I would like you please to indicate with your blinky orange light what your plans are in the near to very-near future about your turns. This way I will not run into you and you and I will never need to meet in person. This way I will keep all my bits of headlight in one smooth bit, as God and Nature intended.

While we’re here: if you’re not going to be turning, no need for an indicator at all. It’s fine. Put that shit away. You bloody idiot.

To people who talk first and then apparently don’t think later

Hey, pal with foot-in-mouth issues:

I’m sure you didn’t mean to call me “messy” in front of a good chunk of people we know when you noticed that I had a red face and was wearing gym attire. I’m sure what you meant to say was “you look like you’ve had a good workout”. I’m sure that was it.

You calling me “messy” in such a public context, however, is a fail. What it says to me is that it’s not appropriate for me publicly exhibit signs of having recently performed physical activity. Well, not quite that. What it says to me is that it would be preferable if I were to perhaps not sweat or get red while doing said activitiy. Perhaps also that I was giving off a few too many “I don’t give a fuck” vibes because I was all cracked out on endorphins from a tough but amazing workout.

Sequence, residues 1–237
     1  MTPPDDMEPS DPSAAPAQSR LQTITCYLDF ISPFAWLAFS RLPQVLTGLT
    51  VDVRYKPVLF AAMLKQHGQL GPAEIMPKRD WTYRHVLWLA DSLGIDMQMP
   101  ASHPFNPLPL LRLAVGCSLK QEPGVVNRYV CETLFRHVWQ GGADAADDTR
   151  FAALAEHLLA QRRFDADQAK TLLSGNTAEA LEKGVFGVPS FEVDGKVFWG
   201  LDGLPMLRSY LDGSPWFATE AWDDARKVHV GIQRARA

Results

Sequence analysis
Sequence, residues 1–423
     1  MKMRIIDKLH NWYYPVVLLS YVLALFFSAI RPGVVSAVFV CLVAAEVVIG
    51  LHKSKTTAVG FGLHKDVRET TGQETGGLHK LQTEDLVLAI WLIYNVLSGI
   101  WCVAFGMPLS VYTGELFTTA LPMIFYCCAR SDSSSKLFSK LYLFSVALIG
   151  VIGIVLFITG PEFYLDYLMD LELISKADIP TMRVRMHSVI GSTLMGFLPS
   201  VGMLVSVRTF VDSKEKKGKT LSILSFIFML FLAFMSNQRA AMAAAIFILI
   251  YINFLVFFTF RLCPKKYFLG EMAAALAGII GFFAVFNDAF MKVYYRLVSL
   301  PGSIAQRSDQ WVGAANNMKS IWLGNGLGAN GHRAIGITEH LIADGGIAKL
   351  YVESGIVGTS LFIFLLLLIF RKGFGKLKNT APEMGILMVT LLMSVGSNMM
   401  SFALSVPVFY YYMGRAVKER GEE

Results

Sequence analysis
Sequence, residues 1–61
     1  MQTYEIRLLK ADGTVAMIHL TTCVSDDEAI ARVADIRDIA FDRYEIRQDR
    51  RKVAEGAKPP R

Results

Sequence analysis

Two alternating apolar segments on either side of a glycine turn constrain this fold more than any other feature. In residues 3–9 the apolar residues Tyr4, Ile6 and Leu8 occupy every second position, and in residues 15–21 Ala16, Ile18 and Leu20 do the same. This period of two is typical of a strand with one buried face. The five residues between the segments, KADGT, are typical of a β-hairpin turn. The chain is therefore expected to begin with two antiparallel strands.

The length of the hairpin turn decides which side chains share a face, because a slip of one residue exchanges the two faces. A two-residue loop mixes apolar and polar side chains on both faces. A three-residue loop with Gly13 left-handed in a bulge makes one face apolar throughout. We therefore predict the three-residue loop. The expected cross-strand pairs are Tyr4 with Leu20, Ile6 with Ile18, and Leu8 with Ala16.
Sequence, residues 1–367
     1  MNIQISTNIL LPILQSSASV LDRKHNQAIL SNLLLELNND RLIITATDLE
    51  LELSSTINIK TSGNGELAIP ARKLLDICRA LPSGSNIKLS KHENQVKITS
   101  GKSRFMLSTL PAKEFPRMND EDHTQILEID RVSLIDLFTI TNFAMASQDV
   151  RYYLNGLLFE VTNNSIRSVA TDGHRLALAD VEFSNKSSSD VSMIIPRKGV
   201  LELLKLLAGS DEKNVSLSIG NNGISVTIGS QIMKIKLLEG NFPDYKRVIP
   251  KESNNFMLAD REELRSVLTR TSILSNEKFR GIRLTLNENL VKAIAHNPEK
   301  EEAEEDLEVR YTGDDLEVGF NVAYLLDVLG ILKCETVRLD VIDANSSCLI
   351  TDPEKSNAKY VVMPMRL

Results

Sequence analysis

When you call me “messy”, it makes me feel like my choice to pursue a healthy  activity is a bad choice. It makes me feel like my very real and human physiological response to exertion is unacceptable. It makes me feel like it’s preferable for me to be seen and not heard. It makes me feel like I should feel bad about my body.

And I don’t, I really don’t.

Don’t call me messy. Don’t set up barriers for me to trip myself over on in my quest to be a fitter, healthier, more productive member of the world. Just don’t do it.

To all the people who don’t know how good I am at stuff

hey people: seriously?

In a professional capacity, I am pretty great at stuff. Not all stuff, not every stuff, but some stuff. The stuff I care about, and even some of the stuff I don’t really care about. Mainly the former – stuff like being helpful to people and laughing at their jokes and understanding what part of the thing they’ve called or emailed me about is the real issue to be resolved.

The doing things for people thing, I do it well. Partly because it is my job but mostly because I can’t look people in the eye or the ear and be unhelpful with a clear conscience. I am very good at doing the thing.

I am telling you this, people who don’t know how good I am at stuff, because you fuckers clearly don’t know and aren’t going to tell me. Do you know how many times I’ve stopped people from crying actual tears of frustration and stress? I would ask you if you care, but I’m pretty sure I know the answer to that. I don’t want to hear you actually say it.